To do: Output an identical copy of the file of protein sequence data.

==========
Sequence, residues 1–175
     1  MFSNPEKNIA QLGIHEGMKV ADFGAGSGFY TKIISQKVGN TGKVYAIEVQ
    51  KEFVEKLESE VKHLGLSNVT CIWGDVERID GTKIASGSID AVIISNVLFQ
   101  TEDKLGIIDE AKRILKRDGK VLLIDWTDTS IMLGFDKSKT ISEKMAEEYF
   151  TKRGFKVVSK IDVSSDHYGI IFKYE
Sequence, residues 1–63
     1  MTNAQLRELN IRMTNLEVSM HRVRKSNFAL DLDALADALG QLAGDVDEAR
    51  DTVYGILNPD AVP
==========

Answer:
Sequence, residues 1–175
     1  MFSNPEKNIA QLGIHEGMKV ADFGAGSGFY TKIISQKVGN TGKVYAIEVQ
    51  KEFVEKLESE VKHLGLSNVT CIWGDVERID GTKIASGSID AVIISNVLFQ
   101  TEDKLGIIDE AKRILKRDGK VLLIDWTDTS IMLGFDKSKT ISEKMAEEYF
   151  TKRGFKVVSK IDVSSDHYGI IFKYE
Sequence, residues 1–63
     1  MTNAQLRELN IRMTNLEVSM HRVRKSNFAL DLDALADALG QLAGDVDEAR
    51  DTVYGILNPD AVP